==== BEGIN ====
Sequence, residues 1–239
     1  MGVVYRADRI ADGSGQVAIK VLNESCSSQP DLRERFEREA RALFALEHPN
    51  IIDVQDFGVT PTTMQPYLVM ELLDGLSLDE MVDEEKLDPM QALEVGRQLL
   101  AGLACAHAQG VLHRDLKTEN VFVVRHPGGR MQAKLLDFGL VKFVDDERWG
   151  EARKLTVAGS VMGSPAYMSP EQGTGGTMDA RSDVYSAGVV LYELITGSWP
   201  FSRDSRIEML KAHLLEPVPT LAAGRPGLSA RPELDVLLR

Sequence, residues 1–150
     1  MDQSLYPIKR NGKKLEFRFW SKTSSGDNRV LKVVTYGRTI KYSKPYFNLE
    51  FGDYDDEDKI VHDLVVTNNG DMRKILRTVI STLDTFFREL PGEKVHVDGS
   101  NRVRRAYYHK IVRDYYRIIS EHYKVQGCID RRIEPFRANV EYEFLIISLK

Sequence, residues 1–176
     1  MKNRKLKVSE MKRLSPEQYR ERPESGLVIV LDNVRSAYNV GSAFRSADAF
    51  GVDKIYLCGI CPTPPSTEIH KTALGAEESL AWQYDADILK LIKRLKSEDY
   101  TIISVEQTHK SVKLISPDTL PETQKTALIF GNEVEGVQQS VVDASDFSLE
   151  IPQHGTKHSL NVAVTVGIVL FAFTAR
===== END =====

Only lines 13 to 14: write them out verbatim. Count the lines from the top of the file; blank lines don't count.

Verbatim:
    51  GVDKIYLCGI CPTPPSTEIH KTALGAEESL AWQYDADILK LIKRLKSEDY
   101  TIISVEQTHK SVKLISPDTL PETQKTALIF GNEVEGVQQS VVDASDFSLE